On the morning of 19 March this year, just before 10am, a staffer at the Democratic National Committee (DNC) called Charles Delavan sent an email referencing John Podesta, the campaign chair of presidential candidate Hillary Clinton. "This is a legitimate email," he wrote.
What Delavan could not have known at the time is that this one sentence would lead to the release of tens of thousands of Podesta's own emails discussing the heart of the Clinton campaign – a move that would plague the candidate widely expected to become the next US commander-in-chief.
As reported in the New York Times in a detailed summary of the entire DNC hacking ordeal, Delavan had been forwarded an email purporting to be a warning from Google about suspicious activity on Podesta's Gmail account. He was asked if it seemed suspicious.
"Someone just used your password to try to sign into your Google account," the "Google" email said, warning that the sign-in attempt had occurred in Ukraine. "Google stopped this sign-in attempt. You should change your password immediately."
It included an enticing bit.ly link.
Delavan replied that it was indeed "legitimate" and advised that Podesta should enable two-factor authentication on the account immediately. Yet this, as the DNC staffer told the New York Times in an interview, was an unfortunate typo.
The aide said he was aware the message was a phishing attempt because the campaign had already received others. He claimed he actually meant to flag the message as "an illegitimate" email. (Some have openly doubted this claim.)
The email was, we now know, likely sent from a sophisticated team of Russian hackers branded Fancy Bear (or ATP 28) who had long been conducting a widespread email phishing campaign against key political figures and Democratic Party-linked groups.
Whatever the case, the damage was done: the link was clicked and the hackers were in. The emails, over 58,000 in total, were later released by whistleblowing outfit WikiLeaks however its founder, Julian Assange, has publicly criticised any assertion Russia was the source of the data.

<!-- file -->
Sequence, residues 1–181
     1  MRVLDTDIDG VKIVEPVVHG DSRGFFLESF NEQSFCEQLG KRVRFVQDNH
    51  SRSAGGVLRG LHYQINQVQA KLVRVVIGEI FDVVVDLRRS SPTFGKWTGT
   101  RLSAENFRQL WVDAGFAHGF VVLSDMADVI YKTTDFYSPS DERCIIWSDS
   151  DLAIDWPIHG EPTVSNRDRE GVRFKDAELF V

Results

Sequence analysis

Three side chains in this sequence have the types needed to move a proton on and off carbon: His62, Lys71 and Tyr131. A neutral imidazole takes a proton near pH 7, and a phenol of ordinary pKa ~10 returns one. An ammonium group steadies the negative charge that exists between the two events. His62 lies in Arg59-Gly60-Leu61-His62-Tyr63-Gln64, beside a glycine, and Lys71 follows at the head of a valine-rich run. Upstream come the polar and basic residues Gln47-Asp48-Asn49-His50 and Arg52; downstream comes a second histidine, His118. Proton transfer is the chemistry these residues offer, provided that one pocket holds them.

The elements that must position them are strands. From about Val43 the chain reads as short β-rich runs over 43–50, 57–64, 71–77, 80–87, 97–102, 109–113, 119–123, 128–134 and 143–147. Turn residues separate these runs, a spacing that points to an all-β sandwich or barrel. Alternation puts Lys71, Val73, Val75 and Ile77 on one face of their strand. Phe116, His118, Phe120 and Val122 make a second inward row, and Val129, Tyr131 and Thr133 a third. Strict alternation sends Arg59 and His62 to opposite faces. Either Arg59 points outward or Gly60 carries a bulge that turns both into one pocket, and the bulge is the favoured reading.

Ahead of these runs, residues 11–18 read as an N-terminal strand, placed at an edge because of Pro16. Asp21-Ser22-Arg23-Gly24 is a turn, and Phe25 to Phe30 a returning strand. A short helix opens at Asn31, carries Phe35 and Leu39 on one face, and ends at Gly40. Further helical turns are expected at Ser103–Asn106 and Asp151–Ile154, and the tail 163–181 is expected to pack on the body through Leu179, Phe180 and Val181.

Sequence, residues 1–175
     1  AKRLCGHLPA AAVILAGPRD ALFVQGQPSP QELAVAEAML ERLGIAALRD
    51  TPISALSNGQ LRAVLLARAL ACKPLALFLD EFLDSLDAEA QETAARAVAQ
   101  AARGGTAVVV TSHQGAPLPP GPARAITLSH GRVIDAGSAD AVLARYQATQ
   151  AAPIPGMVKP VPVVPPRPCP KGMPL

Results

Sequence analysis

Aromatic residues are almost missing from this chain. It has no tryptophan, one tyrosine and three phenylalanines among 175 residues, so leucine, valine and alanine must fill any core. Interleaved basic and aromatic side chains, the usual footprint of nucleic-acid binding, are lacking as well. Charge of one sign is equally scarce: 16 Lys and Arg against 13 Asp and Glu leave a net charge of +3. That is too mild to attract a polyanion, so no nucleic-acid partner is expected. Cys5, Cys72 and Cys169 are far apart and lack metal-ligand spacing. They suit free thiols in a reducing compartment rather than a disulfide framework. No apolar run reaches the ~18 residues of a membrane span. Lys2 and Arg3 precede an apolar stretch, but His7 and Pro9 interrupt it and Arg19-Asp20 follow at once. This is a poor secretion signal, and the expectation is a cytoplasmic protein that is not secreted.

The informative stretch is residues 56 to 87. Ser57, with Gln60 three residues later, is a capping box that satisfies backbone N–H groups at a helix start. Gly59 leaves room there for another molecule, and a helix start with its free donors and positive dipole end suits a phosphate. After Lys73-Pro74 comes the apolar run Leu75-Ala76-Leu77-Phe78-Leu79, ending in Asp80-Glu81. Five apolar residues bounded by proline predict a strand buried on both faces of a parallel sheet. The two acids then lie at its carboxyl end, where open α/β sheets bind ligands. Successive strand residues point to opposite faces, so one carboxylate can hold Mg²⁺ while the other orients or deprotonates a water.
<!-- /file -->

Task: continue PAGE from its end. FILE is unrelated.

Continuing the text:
In June, SecureWorks, a cybersecurity firm, released rich analysis about the types of phishing emails sent by Fancy Bear – a group that regularly infiltrates military and government targets. By focusing specifically on the Bit.ly links, it showed in vivid detail how Gmail accounts could be accessed.
The New York Times report reveals that while it could be easy to blame a single typo for the demise of the Democratic Party's 2016 presidential effort, it was in fact a series of cybersecurity blunders that led to the DNC being hacked – including FBI warnings being completely ignored.
By the time the group employed security experts at CrowdStrike to investigate the suspected intrusion, hackers had been inside DNC networks for up to a year. As the Times found, it took less than 48 hours for the firm to conclude that known Kremlin-linked groups had played a role.
Toni Gidwani, a director of research operations at ThreatConnect, one of the security firms that investigated the Russian hacking campaign, told IBTimes UK in an interview that Fancy Bear continues to use the same tactics for one simple reason: it works.
"Why use your most sophisticated tool if a very simple one gets you in the door?" she said.
"[Hackers] will use phishing to get in and then start deploying tools that will allow them to get access to other parts of the network. Once that happens, it becomes much more difficult to eject them from the network."
While the ultimate aim of the hacking is still being debated, the Central Intelligence Agency (CIA) has said it believes the cyberattacks were a co-ordinated effort to help elect Donald Trump. US intelligence chief Michael Rogers previously said the attacks were very clearly a "conscious effort by a nation-state".